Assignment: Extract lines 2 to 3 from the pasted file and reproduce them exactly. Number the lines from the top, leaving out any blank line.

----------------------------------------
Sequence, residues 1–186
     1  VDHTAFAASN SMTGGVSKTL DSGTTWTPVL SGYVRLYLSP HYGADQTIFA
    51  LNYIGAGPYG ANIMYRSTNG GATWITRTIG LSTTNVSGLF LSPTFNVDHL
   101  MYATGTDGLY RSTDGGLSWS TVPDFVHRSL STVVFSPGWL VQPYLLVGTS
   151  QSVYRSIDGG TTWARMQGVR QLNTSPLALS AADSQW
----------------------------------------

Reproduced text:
     1  VDHTAFAASN SMTGGVSKTL DSGTTWTPVL SGYVRLYLSP HYGADQTIFA
    51  LNYIGAGPYG ANIMYRSTNG GATWITRTIG LSTTNVSGLF LSPTFNVDHL